Ann Arbor's city parks sit on the ancestral and traditional homelands of several indigenous Native peoples. Read a
land acknowledgement from the city and learn more about the early history of the land
Originally a gas station, the City of Ann Arbor Parks and Recreation Unit purchased this site in 1974 in order to create a park. It was referred to as the Packard/Arch Park until 1980 when it was renamed for Franklin C. Forsythe. Forsythe was the founder and the first president of the Ann Arbor Jaycees. The site was acquired using a HUD (federal) grant for “in-city parks." The design was a cooperative effort between the city, the Jaycees and the Burns Park Community Association. The park has been adopted by the Ann Arbor Jaycees and several members of the Jaycees spearheaded the drive to name the park after Forsythe. He was at the ribbon cutting in 1980, a year before he died.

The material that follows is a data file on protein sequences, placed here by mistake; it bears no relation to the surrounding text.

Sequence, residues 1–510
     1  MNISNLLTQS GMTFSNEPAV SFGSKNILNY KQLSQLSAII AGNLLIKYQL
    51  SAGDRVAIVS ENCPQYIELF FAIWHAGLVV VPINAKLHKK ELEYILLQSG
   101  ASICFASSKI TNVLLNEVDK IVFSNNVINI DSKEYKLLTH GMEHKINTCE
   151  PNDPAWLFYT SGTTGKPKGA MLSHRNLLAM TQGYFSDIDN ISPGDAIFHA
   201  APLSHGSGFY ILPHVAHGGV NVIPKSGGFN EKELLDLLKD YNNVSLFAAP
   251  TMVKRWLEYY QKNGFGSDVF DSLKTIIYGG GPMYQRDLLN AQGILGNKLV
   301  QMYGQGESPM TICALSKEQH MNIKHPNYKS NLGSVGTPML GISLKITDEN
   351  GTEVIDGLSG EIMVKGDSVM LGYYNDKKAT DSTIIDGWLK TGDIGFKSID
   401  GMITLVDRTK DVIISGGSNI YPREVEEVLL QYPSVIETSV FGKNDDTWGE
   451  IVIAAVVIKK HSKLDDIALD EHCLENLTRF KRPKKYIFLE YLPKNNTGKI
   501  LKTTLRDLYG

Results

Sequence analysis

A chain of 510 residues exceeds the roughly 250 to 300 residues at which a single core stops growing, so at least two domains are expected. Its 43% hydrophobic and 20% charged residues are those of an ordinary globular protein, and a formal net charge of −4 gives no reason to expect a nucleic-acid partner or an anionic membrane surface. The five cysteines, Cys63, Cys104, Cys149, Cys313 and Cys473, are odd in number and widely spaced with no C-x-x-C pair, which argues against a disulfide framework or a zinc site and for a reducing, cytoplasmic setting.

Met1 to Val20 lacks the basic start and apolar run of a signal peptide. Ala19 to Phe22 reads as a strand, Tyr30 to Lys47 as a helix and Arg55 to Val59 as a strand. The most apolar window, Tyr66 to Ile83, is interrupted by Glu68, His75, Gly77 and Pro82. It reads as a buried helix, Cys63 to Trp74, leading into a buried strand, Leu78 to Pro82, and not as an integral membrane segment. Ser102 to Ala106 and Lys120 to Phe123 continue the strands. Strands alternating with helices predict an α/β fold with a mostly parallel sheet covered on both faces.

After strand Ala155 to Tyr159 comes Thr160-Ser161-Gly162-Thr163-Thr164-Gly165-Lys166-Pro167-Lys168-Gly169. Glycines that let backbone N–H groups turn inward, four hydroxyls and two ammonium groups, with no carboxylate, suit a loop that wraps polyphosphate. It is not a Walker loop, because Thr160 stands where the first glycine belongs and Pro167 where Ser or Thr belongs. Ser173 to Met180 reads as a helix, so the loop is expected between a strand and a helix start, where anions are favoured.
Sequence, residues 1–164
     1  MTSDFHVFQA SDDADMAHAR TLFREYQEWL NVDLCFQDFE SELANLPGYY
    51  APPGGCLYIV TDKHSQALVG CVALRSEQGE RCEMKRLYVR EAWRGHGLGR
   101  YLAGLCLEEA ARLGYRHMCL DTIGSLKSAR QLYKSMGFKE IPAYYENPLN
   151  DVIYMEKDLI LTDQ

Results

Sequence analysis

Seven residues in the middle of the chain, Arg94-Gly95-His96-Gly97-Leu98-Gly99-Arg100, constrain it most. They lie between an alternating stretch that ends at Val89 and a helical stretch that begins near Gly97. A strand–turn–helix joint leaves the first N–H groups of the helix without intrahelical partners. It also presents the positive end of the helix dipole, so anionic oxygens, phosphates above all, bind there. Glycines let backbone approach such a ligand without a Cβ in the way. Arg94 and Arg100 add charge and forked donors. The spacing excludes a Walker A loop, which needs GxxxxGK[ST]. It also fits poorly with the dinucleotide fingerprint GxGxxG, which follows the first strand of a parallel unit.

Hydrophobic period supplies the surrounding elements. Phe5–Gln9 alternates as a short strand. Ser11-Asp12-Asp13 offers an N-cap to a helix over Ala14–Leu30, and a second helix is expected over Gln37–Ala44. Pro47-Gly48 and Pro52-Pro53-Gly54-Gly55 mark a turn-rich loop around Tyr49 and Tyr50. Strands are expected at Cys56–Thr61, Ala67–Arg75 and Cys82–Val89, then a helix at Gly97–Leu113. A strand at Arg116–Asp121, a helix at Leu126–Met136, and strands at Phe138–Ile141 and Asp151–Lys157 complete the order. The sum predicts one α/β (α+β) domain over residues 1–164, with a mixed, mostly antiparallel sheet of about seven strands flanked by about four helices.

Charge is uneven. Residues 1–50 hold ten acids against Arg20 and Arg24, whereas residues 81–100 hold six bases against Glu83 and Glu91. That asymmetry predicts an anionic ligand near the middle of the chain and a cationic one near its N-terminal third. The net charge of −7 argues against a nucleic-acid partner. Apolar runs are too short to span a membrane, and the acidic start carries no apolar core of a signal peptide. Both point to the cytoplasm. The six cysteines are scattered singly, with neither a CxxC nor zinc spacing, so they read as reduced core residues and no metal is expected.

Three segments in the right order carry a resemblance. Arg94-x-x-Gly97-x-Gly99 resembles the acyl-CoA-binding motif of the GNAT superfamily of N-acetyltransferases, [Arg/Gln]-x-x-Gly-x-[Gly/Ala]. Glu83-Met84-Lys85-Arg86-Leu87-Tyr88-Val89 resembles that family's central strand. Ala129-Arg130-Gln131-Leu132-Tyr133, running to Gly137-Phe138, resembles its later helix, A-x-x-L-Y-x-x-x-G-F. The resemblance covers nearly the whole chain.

Forsythe was an Ann Arbor attorney and President of the YMCA (1943) in addition to his work with the Jaycees. In the 1940s he lived at 1601 Granger. His wife was Jessie and his children were Peter and J. Michael. In 1956 his mid-century modern house at 500 Barton Shore Drive, designed by local architect Bob Metcalf, was featured in the Ann Arbor News. His wife was a University of Michigan graduate and in 1949 established the Forsythe Gallery (for art) in the Nickels Arcade. It was open until the mid-1980s.